Wednesday, 6 May 2015

The Handmaid's Tale - Margaret Atwood

"Now and again we vary the route; there's nothing against it, as long as we stay within the barriers. A rat in a maze is free to go anywhere, as long as it stays inside the maze."

Rating: 5 stars out of 5

The Handmaid’s Tale is the story of Offred (“Of Fred”) a handmaid living in a society based on Genesis 30:1-3; because people struggle to conceive and young women are assigned to (important) men in a bid to increase the population.  Women are essentially a “national resource".

I have to admit, I was not looking forward to reading this book.  This was a book I was intending to leave until the end mainly because reading about graphic violence towards women leaves me feeling more than green.  However, the PTB at the Classics Club picked this number on the #ccspin.  This book wasn’t what I expected.  This book is for fans of The Road, both are books based on real possibilities that are a psychological horror/thriller.

The first thing that grabbed me was the quality of the writing.  Atwood is frequently described as “astute” and rightly so.  Each sentence and paragraph flows beautifully.  There is a unique perceptive where Atwood is able turns words, their meanings and associations on their heads. The narrative is four timeframes interwoven together; we get various glimpses of the past, Offred at her current time and immediately before and after her capture.  I felt like I was in a body of water casually drifting along and bumping into the same objects over and over again.  It definitely made the story more interesting.  If you love the writing style of books, then this is a must-read.

The theme obviously concerned the oppression of women.  There are two aspects that I found most thought provoking, which I will concentrate on.  First, is Atwood’s treatment of Christianity.  You could easily assume that Atwood has manipulated a passage of the Bible to show pursue an anti-Christian agenda.  This is far from the truth; it is clear that the terrorists used the passage as a vehicle to push forward a patriarchal state.  There are also examples of Christians and other religions that exhibit good behavior.  Overall, this book is well-balanced.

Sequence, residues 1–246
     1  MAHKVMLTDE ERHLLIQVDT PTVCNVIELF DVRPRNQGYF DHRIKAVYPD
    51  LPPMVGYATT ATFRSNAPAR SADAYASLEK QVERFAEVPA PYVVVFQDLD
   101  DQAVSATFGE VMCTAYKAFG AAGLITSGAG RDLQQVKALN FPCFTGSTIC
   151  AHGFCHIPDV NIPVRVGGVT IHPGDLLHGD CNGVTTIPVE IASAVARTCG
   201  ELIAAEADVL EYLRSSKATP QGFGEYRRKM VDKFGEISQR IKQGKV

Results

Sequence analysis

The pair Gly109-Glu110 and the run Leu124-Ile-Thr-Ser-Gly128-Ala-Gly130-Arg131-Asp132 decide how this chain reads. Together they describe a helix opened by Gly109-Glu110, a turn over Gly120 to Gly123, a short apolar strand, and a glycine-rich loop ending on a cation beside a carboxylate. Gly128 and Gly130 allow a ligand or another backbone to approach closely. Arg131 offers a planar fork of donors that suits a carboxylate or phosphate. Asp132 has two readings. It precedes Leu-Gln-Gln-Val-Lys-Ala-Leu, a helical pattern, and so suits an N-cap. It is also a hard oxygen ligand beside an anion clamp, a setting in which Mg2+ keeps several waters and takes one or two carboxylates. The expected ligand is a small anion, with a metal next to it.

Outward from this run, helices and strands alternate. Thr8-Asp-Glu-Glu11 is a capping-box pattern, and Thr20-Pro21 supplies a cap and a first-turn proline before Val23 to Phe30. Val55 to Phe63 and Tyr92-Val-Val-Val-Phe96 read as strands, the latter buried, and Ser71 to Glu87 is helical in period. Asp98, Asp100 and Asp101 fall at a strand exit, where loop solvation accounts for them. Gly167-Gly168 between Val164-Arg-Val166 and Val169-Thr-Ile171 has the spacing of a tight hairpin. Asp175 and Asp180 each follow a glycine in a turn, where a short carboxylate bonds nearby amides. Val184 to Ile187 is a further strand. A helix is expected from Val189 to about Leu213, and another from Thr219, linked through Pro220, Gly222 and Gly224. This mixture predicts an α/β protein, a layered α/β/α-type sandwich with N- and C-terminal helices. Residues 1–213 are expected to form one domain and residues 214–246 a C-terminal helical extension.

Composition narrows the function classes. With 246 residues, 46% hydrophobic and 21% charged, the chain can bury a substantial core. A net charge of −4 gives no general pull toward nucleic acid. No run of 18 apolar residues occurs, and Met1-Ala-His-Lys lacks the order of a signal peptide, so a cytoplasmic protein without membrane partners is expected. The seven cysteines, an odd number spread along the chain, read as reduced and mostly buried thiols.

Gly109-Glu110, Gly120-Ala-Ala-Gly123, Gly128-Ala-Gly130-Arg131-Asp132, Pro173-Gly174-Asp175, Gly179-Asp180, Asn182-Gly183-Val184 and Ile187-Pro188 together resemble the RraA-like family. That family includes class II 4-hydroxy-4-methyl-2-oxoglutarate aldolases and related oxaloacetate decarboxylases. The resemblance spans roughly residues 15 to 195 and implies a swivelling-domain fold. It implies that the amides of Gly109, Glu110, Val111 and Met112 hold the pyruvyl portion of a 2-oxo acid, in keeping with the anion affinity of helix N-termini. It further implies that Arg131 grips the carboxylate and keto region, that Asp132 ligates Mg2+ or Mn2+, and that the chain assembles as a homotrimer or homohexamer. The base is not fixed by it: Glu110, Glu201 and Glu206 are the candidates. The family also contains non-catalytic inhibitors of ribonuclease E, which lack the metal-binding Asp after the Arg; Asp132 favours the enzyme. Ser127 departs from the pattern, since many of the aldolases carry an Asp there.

The other thing that was thought provoking was the sheer ignorance and lack of resistance leading up to the terrorist take over.

"They said it would be temporary. There wasn't even any rioting in the streets. People stayed at home at night, watching television, looking for some direction. There wasn't even an enemy you could put your finger on."

I asked myself “Would I stand up? What difference would I make?”

This book is dark and heavy; if you do read it, I would suggest having some chocolate or something as a pick me up and I wouldn’t read it if you are in a bad place.  (As an aside, I think books with upsetting content should have a blue dot sticker.  The notion of trigger warnings should be applied to books.)  Despite it being emotionally draining, it is one I enjoyed and would thoroughly recommend.

This book is available to buy here, where I receive a small commission.  Money raised will be used to fund giveaways.

Book Facts
Original Publication: 1986
Pages: 324
Publisher: Vintage
Publication Date: 1996


  1. I loved this book! Great review.

    Congratulations! You've been nominated for a Liebster Award! See this post for the rules:

  2. It is a great read! Wow thank you and thank you!! My first award, I'm very chuffed thank you :-) xx

  3. The thing about this book is that Atwood makes this crazy world seem somehow actually possible, which I think a lot of the currently-popular dystopian stories just gloss over. The quote you shared, and what you said about the sheer ignorance and lack of resistance... this book is just written in such a way that it makes me feel like real vigilance is required to keep it from happening in the real world. It can be terribly depressing... you're right that some chocolate MUST be nearby to keep the anxiety at bay after reading this book, haha!

    1. Hello! Yes, you're right that it's very believable and the whole society is full of minute detail such as shops having symbols rather than names. :-) I think half the danger is that the governments have so much power that we don't know about with all their spying; it is very worrying how everything is dependent on computers too. Thanks for dropping by too!! :-)


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